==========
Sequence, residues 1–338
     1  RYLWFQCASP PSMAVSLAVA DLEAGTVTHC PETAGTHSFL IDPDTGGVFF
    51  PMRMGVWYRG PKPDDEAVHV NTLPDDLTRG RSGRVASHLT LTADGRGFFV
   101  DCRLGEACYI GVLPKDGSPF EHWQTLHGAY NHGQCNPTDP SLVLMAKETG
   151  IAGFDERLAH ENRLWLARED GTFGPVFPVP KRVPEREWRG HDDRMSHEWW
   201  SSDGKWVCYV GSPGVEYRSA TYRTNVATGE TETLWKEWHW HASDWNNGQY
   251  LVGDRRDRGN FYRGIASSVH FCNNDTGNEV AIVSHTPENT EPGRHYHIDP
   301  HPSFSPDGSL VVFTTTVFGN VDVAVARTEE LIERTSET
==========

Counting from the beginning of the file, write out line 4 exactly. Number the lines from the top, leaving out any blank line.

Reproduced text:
   101  DCRLGEACYI GVLPKDGSPF EHWQTLHGAY NHGQCNPTDP SLVLMAKETG